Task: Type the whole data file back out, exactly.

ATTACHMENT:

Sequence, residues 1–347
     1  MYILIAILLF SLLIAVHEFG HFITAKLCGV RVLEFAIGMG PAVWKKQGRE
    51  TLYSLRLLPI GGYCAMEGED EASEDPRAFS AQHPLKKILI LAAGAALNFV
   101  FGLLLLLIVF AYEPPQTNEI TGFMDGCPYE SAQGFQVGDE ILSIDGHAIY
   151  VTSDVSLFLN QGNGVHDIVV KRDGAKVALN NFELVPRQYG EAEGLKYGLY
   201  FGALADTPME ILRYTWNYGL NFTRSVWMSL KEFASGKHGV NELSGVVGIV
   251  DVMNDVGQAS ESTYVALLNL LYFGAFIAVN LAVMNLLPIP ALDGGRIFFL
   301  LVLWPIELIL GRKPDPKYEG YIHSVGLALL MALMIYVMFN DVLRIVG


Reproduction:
Sequence, residues 1–347
     1  MYILIAILLF SLLIAVHEFG HFITAKLCGV RVLEFAIGMG PAVWKKQGRE
    51  TLYSLRLLPI GGYCAMEGED EASEDPRAFS AQHPLKKILI LAAGAALNFV
   101  FGLLLLLIVF AYEPPQTNEI TGFMDGCPYE SAQGFQVGDE ILSIDGHAIY
   151  VTSDVSLFLN QGNGVHDIVV KRDGAKVALN NFELVPRQYG EAEGLKYGLY
   201  FGALADTPME ILRYTWNYGL NFTRSVWMSL KEFASGKHGV NELSGVVGIV
   251  DVMNDVGQAS ESTYVALLNL LYFGAFIAVN LAVMNLLPIP ALDGGRIFFL
   301  LVLWPIELIL GRKPDPKYEG YIHSVGLALL MALMIYVMFN DVLRIVG